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What’s Going On With Hormones And Neurotransmitters During Sex

What’s Going On With Hormones And Neurotransmitters During Sex

What’s going on in men’s and women’s brains and bodies before, during and after sex?

It seems that passion is an inspiring, but complex feeling too hard to explain with science. In fact, the chemical processes in our brains can clarify what we feel in moments of intimacy.


Sexual desire may come spontaneously or be encouraged by stimulation. A partner’s presence or some action like touching, watching erotic movies or looking at pictures activate the brain and the feeling of desire.

Spontaneous desire usually appears when you’re falling in love with a new partner. In a long-term relationship, however, the drive usually comes after erotic stimulation or by the feeling of emotional or physical intimacy.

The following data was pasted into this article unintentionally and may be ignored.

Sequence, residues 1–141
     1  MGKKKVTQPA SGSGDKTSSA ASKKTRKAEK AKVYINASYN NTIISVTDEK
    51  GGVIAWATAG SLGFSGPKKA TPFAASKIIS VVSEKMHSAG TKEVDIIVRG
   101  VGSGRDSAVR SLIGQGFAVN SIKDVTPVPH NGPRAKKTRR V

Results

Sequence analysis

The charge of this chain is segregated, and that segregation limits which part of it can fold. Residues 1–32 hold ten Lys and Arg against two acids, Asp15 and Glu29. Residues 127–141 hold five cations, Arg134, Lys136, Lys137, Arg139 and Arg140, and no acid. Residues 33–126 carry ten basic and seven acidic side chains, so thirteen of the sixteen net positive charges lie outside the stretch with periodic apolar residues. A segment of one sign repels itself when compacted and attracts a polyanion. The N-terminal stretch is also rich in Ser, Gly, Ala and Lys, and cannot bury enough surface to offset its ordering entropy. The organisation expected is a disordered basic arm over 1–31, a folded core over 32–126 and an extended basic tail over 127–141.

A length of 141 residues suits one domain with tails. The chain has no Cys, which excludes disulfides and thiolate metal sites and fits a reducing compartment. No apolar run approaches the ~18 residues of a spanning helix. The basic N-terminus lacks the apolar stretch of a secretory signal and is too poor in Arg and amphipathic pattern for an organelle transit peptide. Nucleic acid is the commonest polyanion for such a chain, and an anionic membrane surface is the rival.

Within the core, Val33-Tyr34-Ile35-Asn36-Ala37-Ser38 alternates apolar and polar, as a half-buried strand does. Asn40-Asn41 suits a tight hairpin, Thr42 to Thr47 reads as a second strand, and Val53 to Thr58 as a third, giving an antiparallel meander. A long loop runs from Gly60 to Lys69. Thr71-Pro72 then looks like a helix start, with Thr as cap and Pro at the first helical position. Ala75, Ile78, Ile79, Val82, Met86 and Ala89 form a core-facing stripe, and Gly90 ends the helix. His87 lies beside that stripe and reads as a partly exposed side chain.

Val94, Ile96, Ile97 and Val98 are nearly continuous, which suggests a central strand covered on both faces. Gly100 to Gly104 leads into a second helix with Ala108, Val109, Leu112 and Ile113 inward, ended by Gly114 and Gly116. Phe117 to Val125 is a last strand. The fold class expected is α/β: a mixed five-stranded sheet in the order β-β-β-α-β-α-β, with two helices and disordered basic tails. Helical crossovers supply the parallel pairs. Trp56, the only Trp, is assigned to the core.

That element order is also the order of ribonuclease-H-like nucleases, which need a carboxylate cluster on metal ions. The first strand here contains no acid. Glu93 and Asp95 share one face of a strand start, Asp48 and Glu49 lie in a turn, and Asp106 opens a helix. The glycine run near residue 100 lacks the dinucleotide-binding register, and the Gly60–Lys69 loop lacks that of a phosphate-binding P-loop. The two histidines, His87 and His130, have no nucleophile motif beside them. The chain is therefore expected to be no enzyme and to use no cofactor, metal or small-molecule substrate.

We choose our partners with social, cultural, economic, and even by genetic factors in mind.

We might not have a DNA kit in our pockets, but we unconsciously choose people who have a different set of genes responsible for the immune system.


It’s pretty hard to distinguish desire and excitement, but researchers prefer to separate them. Usually, scientists define excitement as the physiological body response to something such as changes in genitalia. It’s also important to know that excitement can still occur even if a person doesn’t feel any sexual desire.

When touching, kissing, and doing other sexual things, the peripheral nervous system gets a signal and forwards it to the brain. The hypothalamus, which controls all of the hormones in the body, responds to arousal. It signals the body produce testosterone. Actually, it’s really hard for men and women to get excited or feel an orgasm if they have a low level of this hormone.